At the ¾-mile mark I picked up my pace and pulled ahead of Laura – I’m more of an uphiller, she’s more of a down-hiller, as I’d be reminded later. I was eager to tackle the trail and find out how it stacked up against my favorite Bay Area hills. Ironic that my main concern at the start of this run – the persistent ascent – would quickly become my least.
At the one-mile mark the course’s uphill trajectory gives way to a brief ¼-mile downhill jag. Here I further increased my pace and fell into a comfortable rhythm. Bounding along I had the trail more or less to myself, and I planned to savor my light-footed feeling before the coming uphill grind took its toll. The previous day’s showers had softened the dirt just enough to provide optimal footing – not too dusty, not too muddy, with just the right combination of firmness and tack.
Glancing up and ahead of me, I noticed for the first time that the light-gray clouds had yielded to a dark, ominous haze that now engulfed Saddleback Mountain – comprising Modjeska and Santiago Peaks – and which threatened to swallow all remaining light. Suddenly my surroundings looked like a Photoshop creation, as though someone had applied a “Middle-earth” filter to the scene: had I left Orange County and entered the Misty Mountains?
My first sense that a light mist had begun to fall was the tiny droplets that splashed against my sunglasses and merged into a watery film (yes, sunglasses, I was naïvely confident that the sun would eventually break through the clouds… hey, this was Orange County!). As the trail wound its way upward, I periodically rounded a corner and found myself running into a brisk headwind. Wind is hands- (and heads-) down my least favorite part of running, but fortunately this was relatively mild and only minimally impeded my progress.
As my Garmin chimed to signal the end of mile two, the mist gradually transitioned into legitimate rain, and now each turn seemed to greet me with a colder and more powerful gust than the one before. The wind began to change direction erratically, blowing the rain diagonally as though searching for the most efficient way to ensure my discomfort. Wind and rain continued to build in intensity as my Garmin signaled the end of mile three. And moments later, things got (d)icy…
Maybe it was my focus on pushing forward up the trail. More likely it was the incongruity of snow in Southern California (and below 3,000ft at that). In any case I failed to register the first few snowflakes drifting around me, until at last my eyes synced with my brain, jarring me back to reality. Sure I’d realized the temperature had been dropping steadily as I’d ascended out of Modjeska Canyon… but shortly before mile three I would’ve pegged it at mid- to high 40s, maybe low 40s with wind chill. Now, watching the first airborne snow I’d ever seen in Southern California, it was clear Mother Nature had upped the ante.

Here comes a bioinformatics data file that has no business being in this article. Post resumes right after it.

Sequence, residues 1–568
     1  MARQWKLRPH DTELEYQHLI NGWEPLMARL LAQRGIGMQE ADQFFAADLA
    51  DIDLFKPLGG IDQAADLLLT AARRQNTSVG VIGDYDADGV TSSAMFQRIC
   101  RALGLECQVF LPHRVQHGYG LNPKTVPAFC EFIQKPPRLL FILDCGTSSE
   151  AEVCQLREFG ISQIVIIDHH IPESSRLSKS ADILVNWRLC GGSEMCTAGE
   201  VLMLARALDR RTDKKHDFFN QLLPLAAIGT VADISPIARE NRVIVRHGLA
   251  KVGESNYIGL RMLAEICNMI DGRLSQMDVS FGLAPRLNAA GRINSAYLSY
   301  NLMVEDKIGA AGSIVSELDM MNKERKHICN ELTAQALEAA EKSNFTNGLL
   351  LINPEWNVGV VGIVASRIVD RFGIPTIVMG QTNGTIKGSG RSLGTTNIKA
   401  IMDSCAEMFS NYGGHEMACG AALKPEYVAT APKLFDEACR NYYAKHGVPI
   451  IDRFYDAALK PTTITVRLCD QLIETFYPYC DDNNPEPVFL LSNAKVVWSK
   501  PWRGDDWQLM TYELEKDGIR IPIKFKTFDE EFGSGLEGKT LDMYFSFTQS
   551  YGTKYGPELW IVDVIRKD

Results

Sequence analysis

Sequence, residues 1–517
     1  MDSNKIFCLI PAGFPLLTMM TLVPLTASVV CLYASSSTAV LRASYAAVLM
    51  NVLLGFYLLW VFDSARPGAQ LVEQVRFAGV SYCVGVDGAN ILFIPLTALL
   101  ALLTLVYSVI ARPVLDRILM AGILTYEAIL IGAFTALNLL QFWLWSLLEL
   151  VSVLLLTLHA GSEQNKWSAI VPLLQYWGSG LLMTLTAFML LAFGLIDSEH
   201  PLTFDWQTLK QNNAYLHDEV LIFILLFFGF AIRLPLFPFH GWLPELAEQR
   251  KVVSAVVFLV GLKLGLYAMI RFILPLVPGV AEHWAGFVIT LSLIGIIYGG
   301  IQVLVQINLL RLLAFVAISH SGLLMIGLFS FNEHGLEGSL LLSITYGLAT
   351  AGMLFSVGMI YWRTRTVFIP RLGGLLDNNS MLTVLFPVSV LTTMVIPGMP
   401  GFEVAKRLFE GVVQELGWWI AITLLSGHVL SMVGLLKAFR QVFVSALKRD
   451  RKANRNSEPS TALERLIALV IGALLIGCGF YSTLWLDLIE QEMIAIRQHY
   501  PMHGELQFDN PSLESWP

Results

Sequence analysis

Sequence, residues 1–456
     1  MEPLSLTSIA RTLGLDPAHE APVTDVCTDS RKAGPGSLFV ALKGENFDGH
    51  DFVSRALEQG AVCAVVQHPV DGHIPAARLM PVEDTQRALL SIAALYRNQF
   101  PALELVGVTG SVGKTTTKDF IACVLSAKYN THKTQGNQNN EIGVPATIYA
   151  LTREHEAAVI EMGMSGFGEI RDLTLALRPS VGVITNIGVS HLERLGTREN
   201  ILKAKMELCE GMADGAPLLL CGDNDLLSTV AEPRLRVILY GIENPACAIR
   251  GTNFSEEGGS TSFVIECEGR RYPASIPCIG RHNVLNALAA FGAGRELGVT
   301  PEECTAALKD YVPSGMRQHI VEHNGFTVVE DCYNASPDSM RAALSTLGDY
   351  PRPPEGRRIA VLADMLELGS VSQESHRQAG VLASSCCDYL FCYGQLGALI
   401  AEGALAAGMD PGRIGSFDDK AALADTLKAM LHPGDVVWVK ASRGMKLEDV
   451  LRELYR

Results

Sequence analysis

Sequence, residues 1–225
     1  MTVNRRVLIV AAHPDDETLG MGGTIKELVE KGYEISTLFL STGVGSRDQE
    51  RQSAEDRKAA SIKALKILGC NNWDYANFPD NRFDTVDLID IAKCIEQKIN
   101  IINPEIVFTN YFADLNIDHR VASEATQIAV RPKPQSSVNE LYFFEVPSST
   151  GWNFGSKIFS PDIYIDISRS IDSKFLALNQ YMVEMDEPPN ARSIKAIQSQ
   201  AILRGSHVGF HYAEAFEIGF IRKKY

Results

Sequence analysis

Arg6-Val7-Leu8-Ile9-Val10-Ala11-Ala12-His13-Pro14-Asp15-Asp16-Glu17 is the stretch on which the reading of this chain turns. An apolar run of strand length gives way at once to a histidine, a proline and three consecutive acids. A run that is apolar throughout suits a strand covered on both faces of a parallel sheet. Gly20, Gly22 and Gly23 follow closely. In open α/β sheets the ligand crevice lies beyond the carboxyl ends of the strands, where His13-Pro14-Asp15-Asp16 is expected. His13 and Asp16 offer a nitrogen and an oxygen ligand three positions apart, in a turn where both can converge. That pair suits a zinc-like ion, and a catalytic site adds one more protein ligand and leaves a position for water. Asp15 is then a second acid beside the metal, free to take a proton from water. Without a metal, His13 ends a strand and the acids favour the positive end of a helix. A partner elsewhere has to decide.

Always the optimistic/stubborn runner, I persuaded my brain that: 1) snow was preferable to rain for its consistency; 2) having run only three miles, I couldn’t turn back now; and 3) this was my golden opportunity for a winter wonderland run in the snow, having been denied in Dallas six days earlier when a vigorous Christmas snowfall had followed a freezing rainstorm that coated sidewalks and streets with a thin layer of ice. As I embraced my questionable decision-making and pressed onward toward Modjeska Peak, I did make one allowance for the weather and my soggy state, electing to truncate my run to 12 miles (six up, six down) rather than the intended 16. That way I’d likely catch Laura on my way down as well.
But my expectations for this day took a final nosedive as I reached the 3.5-mile mark and the snowfall intensified to – I cannot tell a lie – blizzard proportions. Like a swarm of fluffy white bees attacking my face and body, the swirling snow rode the wind currents downward from the dual peaks of Saddleback Mountain. My primary concern quickly became the ever-increasing stiffness in my finger joints, as numbness threatened to replace all feeling at the ends of both arms. I cursed the #@*&ing bottle of coconut water that was my faithful companion – the only thing worse than holding on it, I considered, would be dropping it. That wasn’t going to happen, and I didn’t want to simply dump out the bottle on the trail. So unfortunately the two of us were in this together to the bitter end. And I was already bitter.
Somehow, despite my discomfort and the absurdity of running through a driving snowstorm in a soaked t-shirt and shorts but no gloves, I had one stupid decision left in me, and I resolved to reach mile 4 before turning around. Blame it on mental numbness, but somehow the four-mile mark became the hard and fast limit of what I was willing to concede. So with head down I plowed forward up the trail, swallowing snowflakes and with hands wrapped inside my t-shirt as protection against the biting wind.